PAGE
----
This post by Wheaton professor Tracy McKenzie—a personal answer to the barbed challenge against Christian education issued by U Penn’s Peter Conn—was very stirring for me. Everyone at Bob Jones University should read McKenzie’s piece, as should everyone teaching in any Christian institution of higher education.
McKenzie came to Wheaton after many years teaching at a secular institution. Here’s the excerpt I found the most stirring:
For all of its discrete strengths, the [secular] university [I taught at] is less than the sum of its parts. Like the secular academy overall, it is “hollow at its core,” to borrow the words of historian George Marsden. There is no common foundation, no cohering vision, no basis for meaningful unity. After twenty-two years of faculty meetings, I can attest to the truth that the faculty functioned best as a group when we avoided the questions of why we existed as a group. As long as we could each do our own thing we were fine.
When it came to matters of faith, the university’s unwritten policy was a variation of “don’t ask, don’t tell.” It celebrated racial and ethnic diversity relentlessly but was never all that enthusiastic about a genuine diversity of worldviews, at least among the faculty and in the curriculum. If you espoused a vague “spirituality” that made no demands on anyone–or better yet, seemed to reinforce the standard liberal positions of the political Left–all well and good. Otherwise, it was best to remember that religious belief was a private matter that was irrelevant to our teaching and our scholarship.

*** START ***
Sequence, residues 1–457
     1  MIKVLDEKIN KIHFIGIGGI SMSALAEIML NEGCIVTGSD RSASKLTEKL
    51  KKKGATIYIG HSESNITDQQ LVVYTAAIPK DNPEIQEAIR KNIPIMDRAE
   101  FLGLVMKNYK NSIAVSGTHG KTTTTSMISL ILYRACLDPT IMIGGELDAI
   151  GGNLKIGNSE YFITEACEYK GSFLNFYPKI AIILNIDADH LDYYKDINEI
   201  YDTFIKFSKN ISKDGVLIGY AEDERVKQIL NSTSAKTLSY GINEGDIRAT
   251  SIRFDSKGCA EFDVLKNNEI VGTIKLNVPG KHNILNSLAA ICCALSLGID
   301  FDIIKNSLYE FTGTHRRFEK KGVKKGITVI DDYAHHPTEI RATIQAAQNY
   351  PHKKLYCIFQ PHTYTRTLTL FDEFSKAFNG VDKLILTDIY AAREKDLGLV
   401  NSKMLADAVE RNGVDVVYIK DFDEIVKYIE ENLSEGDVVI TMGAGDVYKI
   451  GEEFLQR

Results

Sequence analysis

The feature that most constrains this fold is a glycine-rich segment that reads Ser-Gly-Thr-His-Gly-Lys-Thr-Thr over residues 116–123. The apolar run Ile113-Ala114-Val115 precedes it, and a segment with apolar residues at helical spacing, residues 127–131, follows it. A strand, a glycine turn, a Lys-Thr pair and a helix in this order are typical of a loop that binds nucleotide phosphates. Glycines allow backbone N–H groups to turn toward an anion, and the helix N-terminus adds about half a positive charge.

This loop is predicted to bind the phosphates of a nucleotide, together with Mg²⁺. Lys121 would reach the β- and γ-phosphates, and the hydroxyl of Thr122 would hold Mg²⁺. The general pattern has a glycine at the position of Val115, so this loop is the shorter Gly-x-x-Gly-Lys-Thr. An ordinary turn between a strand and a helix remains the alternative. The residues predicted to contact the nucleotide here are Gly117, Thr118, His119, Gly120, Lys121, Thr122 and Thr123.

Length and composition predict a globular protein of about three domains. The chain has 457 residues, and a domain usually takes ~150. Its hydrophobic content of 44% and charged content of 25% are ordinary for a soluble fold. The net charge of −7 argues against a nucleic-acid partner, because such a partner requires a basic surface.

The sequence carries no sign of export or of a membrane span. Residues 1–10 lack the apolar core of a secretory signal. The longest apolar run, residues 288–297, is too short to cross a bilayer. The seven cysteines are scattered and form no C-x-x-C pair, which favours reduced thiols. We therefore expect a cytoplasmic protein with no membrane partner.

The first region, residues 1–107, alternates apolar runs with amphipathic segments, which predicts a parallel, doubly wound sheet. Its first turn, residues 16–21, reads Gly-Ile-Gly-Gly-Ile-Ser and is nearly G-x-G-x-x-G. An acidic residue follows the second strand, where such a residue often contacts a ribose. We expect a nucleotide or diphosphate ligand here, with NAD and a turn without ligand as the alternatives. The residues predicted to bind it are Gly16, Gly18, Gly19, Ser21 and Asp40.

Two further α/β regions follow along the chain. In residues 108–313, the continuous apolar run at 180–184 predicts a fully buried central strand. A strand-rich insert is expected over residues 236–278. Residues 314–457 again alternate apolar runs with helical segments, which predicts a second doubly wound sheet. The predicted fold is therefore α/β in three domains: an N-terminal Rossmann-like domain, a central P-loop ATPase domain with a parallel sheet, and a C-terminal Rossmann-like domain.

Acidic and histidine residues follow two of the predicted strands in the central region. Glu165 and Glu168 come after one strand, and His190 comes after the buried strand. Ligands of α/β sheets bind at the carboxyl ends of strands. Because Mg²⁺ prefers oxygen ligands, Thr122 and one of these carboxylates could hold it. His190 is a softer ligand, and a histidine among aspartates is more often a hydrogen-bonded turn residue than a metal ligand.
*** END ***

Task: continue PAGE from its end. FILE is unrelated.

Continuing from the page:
A final comment, this one about the relationship between academic freedom and academic community. In addition to finding greater academic freedom at Wheaton, I have also encountered a true intellectual community here, one that the sprawling postmodern multiversity cannot be expected to equal. Countless times I have reflected on the words of the German minister Dietrich Bonhoeffer, who observed in his 1938 classic Life Together, “it is not simply to be taken for granted that the Christian has the privilege of living [and, I would add, of laboring] among other Christians.” When we have that privilege, Bonhoeffer went on to observe, we should fall to our knees and thank God for his goodness, for “it is grace, nothing but grace, that we are allowed to live in community with Christian brethren.”
McKenzie also has some interesting comments about accreditation, but you’ll have to read them for yourself!
HT: Alan Jacobs